-Lao Tzu. A 6th century BC Chinese philosopher
2016 was the Chinese year of the monkey. Monkeys throwing darts may have been more successful than pollsters in 2016 prognostications. Most pollsters whiffed on the two major elections in the western world. After getting the Brexit vote wrong in June, most also missed the Trump election victory in November.
Those few investors who were right on Brexit and Trump, probably got the market wrong. Conventional wisdom was both Brexit and a Trump win would cause a market sell-off. And so they did – but not for long. U.S stocks dropped 6% in the two trading days following the Brexit vote, but gained most of it back in following three days. Dow futures plunged more than 800 points on election night as the Trump win began to unfold. However, by market close on Wednesday, the Dow gained 257 points and the Trump rally was on for U.S. stocks.
Most U.S. stocks indexes were up big in the fourth quarter. But foreign stocks were largely flat, and bonds lost money. The Dow, with a heavy weighting of financial and energy stocks, posted a 9.7% gain for the quarter, the S&P 500 gained 4.2%. The Russell 2000 small company index gained 9.4%. However, the MSCI EAFE Foreign Index lost 0.6% and the Barclay’s Aggregate Bond Index lost 3.4%.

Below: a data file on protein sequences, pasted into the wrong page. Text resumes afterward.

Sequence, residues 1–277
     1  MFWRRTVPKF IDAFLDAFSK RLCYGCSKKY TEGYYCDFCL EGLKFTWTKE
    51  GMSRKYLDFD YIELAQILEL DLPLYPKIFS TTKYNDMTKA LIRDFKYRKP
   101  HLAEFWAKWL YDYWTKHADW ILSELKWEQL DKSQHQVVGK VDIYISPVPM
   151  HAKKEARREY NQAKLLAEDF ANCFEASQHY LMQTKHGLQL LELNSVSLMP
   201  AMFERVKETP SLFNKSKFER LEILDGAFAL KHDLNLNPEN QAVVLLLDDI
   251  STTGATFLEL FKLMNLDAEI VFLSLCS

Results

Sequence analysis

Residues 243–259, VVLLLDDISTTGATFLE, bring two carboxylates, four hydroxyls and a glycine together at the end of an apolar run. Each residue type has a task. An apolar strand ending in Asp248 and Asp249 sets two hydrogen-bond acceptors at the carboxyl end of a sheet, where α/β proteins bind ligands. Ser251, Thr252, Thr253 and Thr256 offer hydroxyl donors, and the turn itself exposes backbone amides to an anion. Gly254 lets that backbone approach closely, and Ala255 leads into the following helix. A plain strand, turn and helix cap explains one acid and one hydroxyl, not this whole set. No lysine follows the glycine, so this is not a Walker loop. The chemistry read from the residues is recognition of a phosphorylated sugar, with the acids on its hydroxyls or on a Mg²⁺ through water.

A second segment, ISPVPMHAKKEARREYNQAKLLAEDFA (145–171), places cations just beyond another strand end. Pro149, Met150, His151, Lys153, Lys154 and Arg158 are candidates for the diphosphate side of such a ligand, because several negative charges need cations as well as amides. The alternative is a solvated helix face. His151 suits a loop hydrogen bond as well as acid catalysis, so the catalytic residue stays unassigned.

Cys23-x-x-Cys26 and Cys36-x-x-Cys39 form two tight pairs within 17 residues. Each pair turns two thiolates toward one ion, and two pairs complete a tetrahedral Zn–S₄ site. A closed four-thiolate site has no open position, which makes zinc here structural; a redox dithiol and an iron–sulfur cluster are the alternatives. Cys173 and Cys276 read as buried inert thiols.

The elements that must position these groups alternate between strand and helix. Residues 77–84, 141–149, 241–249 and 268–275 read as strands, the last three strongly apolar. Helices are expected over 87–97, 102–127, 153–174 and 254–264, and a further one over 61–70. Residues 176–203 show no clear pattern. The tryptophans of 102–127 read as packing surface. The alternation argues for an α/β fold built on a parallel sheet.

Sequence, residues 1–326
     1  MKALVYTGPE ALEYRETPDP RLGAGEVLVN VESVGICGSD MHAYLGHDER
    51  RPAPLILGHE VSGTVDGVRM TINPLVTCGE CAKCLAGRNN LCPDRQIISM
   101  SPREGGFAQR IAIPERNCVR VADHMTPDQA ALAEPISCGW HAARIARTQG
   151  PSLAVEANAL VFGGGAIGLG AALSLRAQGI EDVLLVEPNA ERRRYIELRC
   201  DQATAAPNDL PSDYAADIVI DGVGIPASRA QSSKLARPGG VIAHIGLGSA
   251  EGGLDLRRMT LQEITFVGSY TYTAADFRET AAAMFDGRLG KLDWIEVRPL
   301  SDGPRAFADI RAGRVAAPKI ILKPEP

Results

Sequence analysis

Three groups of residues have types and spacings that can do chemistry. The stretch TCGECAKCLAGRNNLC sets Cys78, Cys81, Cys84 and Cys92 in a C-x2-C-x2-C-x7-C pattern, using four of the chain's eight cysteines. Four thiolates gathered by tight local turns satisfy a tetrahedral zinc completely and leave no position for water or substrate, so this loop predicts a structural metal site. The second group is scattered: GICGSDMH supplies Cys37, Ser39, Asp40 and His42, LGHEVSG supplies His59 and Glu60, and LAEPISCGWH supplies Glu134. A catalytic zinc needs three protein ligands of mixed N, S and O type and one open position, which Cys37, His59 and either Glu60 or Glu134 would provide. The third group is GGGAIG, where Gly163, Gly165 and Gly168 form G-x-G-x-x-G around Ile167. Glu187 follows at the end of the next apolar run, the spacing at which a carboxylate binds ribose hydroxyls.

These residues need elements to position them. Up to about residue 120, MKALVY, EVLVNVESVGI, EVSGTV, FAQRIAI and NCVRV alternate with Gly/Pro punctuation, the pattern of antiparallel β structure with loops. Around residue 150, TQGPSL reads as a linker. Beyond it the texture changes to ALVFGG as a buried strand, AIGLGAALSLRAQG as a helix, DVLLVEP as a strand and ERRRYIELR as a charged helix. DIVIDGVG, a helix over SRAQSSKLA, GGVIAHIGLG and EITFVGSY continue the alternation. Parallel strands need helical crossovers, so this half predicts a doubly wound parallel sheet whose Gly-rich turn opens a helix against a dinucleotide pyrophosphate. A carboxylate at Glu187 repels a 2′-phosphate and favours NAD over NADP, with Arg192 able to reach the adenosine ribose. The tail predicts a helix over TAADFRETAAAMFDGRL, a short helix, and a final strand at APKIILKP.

So, what’s going to happen in 2017?
The Bulls Are Saying: We are entering the ninth year of economic expansion, making this the fourth longest since 1900. Recessions are usually blamed for the death of a bull market. However, conventional wisdom is expecting continued economic growth based on the new administration’s intent to lower taxes, roll back regulations, and spend on infrastructure projects.
The Bears Are Saying: This bull market has been driven by an era of low interest rates, which appears to be ending. The Fed raised short term rates in December of 2016 for only the second time since 2008. Based on improved economic conditions, the Fed has forecasted three rate hikes in 2017.
2017 is the Chinese year of the Rooster. No one knows if the financial markets in 2017 will deliver a year to crow about, and we choose not to predict. “He who lives by the crystal ball soon learns to eat ground glass.” – Edgar R. Fiedler.
In the 70 years since the end of WWII the stock market has experienced 14 bear markets, an average of once every 5 years. These bear markets have seen stocks decline an average of 30%. Each of these bear markets have been followed by new stock market highs.